|Track||Date and time||Hall||Duration|
|Contributed Lectures||Monday, 15. June 2015., 14:00||Orhideja Hall||20’|
S. Gorondy Novak (1), T. Loussouarn (2), F.Leprêtre (2), P.Trocellier (2), F. Jomard (3), L.Beck (2), H. Lefaix-Jeuland (1)
(1) Service de Recherches de Métallurgie Physique, Direction de l'énergie nucléaire, CEA, F-91191 Gif-sur-Yvette, France.
(2) Laboratoire JANNUS, Service de Recherches de Métallurgie Physique, Direction de l'énergie nucléaire, CEA, F-91191 Gif-sur-Yvette, France.
(3) Groupe d’Etude de la Matière Condensée, CNRS-Université de Versailles Saint-Quentin-en-Yvelines, 45 Avenue des Etats-Unis, 78035 Versailles Cedex, France.
Helium effects on microstructural and mechanical properties are key issues in fission or fusion materials research. Due to its extremely low solubility in most metallic alloys, helium strongly interacts with pre-existing and radiation-induced defects, leading to structures degradation. In order to extend the longevity of structural materials in the advanced reactors, it is necessary to comprehend the helium diffusion down to the atomic-scale.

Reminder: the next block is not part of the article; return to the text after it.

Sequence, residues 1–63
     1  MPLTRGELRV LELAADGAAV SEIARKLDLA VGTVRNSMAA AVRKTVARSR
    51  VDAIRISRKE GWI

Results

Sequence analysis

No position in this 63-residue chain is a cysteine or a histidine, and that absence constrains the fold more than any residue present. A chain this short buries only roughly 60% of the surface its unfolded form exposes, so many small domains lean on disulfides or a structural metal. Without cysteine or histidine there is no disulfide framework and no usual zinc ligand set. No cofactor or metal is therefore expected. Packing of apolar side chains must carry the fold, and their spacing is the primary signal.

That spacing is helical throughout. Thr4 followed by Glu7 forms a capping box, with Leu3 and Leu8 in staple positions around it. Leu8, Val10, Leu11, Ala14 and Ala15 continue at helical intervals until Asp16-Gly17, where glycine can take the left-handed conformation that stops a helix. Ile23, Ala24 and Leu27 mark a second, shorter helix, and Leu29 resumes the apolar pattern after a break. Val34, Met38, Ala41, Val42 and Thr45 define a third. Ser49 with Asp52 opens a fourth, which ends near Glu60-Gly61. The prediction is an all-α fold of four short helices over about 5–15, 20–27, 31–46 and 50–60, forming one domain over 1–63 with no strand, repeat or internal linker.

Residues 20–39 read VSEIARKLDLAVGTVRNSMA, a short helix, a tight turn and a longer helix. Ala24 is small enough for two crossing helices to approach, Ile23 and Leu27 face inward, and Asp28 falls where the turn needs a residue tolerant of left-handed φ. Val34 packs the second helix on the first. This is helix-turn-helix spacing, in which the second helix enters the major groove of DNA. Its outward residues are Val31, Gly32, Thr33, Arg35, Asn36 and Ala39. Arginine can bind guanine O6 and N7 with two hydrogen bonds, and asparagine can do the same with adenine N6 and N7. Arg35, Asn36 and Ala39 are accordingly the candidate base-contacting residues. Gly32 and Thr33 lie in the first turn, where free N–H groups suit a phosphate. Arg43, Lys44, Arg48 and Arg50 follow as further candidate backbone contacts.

Pure bcc metals (V, Fe, Ta, Nb and Mo) were implanted with 4He+ ions at energies ranging from 45 keV to 90 keV with a fluence equal to 5x1016 ions/cm2. After implantation, He depth profiles were deduced either from high energy heavy ion-induced elastic recoil detection analysis (HI-ERDA) or from secondary ion mass spectrometry (SIMS) profiles. Both techniques give similar results: all samples exhibit a projected range of around 200 nm, in agreement with TRIM theoretical calculations. The latter results were then compared with the He bubble distribution obtained by Transmission Electron Microscopy (TEM). TEM micrographs reveal that the nanometric bubbles are homogeneously distributed in the microstructure.
The main aim of this study is to compare the experimental conditions and performances allowed by the use of HI-ERDA and SIMS in quantitative analysis of helium in pure bcc metals. Complementary post-implantation annealing treatments are carried out to characterize the 4He-depth profile evolution.
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